FIG. 6 is an enlarged cross sectional view of a portion of the housing 22′ showing the track or slot 70, and the mating flange 68 on the sub-unit 66. The springy metal strip 72 exerts pressure between the upper wall of housing 22′ and the flange 68, holding the sub-unit firmly against the lower wall 80 of the housing slot 70. Accordingly, the mating flanges 68 and slot 70 form a support, guiding and alignment construction and the springy metal strips 72 provide a quick release arrangement.

Instead of using separate springy strips, the flanges 68 and/or the tracks 70 may be bent somewhat to make a tight or resilient fit; or separate resilient coil spring or other types of springs may be employed. Other quick release securing arrangements, such as an over-center latch or latches may be employed to hold the sub-unit 66 in place.

Concerning dimensions for the housing, one set of dimensions for a removably mounted refrigeration unit 22 which has been tested and found to be satisfactory involves units which are 13 inches high, 4 inches deep and having a length between 16 inches and 24 inches, depending o the desired cooling capacity. However, these dimensions are not controlling and units which are longer, for example up to three feet long, and which are up to two feet high, could be used. However, as to depth, it is desirable that the units be relatively thin, less than eight inches thick, and preferably less than six inches thick.

In conclusion, it is to be understood that the foregoing descriptions an accompanying drawings relate to preferred embodiments of the present invention. Various changes and modifications may be employed without departing from the spirit and scope of the invention. Thus, by way of example and not of limitation the sub-unit and the housing may be provided with initial support, guiding, and alignment construction other than the flanges and slots, such as multiple mating pins and recesses, with quick release arrangements holding the sub-unit in place. Accordingly, the present invention is not limited to the embodiment shown in the drawings and described hereinabove in the Detailed Description.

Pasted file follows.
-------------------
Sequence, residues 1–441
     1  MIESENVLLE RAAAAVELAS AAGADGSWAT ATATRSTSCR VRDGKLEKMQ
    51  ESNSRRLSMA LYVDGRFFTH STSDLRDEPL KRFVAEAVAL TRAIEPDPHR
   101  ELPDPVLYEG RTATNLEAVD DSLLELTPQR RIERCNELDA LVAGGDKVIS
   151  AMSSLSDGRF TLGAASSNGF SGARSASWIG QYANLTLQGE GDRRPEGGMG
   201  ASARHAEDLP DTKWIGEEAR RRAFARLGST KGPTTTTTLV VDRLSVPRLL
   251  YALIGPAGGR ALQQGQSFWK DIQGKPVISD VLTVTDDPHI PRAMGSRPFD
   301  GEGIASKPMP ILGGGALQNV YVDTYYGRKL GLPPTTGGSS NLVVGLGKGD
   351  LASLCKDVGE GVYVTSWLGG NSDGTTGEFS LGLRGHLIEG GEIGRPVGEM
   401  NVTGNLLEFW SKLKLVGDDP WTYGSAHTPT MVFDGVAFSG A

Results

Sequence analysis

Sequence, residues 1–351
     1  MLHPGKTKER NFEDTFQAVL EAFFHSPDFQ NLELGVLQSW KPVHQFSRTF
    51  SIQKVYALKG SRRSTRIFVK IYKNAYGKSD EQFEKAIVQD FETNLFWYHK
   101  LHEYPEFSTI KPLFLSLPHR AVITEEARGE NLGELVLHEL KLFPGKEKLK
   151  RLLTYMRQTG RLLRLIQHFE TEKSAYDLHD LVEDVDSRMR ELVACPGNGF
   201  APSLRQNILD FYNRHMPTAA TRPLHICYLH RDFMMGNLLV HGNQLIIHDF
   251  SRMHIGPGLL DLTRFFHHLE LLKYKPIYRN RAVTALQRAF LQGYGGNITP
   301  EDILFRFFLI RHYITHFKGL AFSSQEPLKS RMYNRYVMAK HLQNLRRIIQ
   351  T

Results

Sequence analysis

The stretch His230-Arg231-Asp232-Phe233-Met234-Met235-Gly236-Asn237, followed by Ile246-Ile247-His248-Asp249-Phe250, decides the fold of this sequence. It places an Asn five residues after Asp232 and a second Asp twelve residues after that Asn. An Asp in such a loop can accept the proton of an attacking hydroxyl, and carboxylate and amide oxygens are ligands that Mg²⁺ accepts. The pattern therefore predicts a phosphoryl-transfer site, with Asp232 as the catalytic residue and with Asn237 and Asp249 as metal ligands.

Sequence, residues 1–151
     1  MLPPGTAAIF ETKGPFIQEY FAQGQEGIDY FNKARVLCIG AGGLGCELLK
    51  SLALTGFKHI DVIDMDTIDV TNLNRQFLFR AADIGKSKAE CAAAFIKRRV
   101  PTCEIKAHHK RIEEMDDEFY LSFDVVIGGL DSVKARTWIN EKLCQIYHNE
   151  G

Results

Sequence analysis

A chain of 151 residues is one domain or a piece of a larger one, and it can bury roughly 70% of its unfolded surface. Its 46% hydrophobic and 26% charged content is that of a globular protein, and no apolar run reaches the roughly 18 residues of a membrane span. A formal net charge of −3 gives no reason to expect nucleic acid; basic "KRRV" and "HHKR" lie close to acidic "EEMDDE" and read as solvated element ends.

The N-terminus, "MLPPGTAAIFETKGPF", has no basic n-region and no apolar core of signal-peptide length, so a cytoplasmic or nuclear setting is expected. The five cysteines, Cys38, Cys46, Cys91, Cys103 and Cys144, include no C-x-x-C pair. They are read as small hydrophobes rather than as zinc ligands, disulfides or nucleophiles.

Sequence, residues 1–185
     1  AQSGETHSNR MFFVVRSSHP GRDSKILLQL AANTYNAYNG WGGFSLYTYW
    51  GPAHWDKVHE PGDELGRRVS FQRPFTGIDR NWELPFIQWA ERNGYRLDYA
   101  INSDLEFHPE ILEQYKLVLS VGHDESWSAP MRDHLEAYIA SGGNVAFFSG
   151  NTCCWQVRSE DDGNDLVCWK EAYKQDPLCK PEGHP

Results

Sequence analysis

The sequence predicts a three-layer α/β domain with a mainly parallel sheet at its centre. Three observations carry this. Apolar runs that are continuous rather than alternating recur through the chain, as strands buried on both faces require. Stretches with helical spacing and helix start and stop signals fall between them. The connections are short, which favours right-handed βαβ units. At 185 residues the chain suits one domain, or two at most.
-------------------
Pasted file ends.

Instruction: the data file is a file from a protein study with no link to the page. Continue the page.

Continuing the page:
Patent Citations
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US3230733 *Aug 4, 1964Jan 25, 1966Emhart CorpRefrigeration system and elements thereof
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Referenced by
Citing PatentFiling datePublication dateApplicantTitle
US8011114 *Dec 4, 2009Sep 6, 2011Superior Investments, Inc.Vehicle dryer with butterfly inlet valve
US8096137 *Sep 30, 2008Jan 17, 2012Hoshizaki America, Inc.Systems and methods for guiding and supporting an evaporator structure
US8397401Aug 22, 2011Mar 19, 2013Superior Investments, Inc.Vehicle dryer with butterfly inlet valve
US8881543 *Oct 12, 2010Nov 11, 2014Fujitsu General LimitedDuct type air conditioner
US20110138844 *Oct 12, 2010Jun 16, 2011Fujitsu General LimitedDuct type air conditioner
US20110138845 *Oct 12, 2010Jun 16, 2011Fujitsu General LimitedDuct type air conditioner
US20110138846 *Oct 12, 2010Jun 16, 2011Fujitsu General LimitedDuct type air conditioner
Classifications
U.S. Classification62/258, 62/298
International ClassificationB60H1/32, A47F3/04, F25D23/00, F25D23/12
Cooperative ClassificationF25D23/006, F25D2317/0683, F25B2500/06, F25D23/003
European ClassificationF25D23/00C
Legal Events
DateCodeEventDescription
Nov 5, 2013SULPSurcharge for late payment
Year of fee payment: 7
Nov 5, 2013FPAYFee payment
Year of fee payment: 8
Sep 27, 2013REMIMaintenance fee reminder mailed
Aug 14, 2009FPAYFee payment
Year of fee payment: 4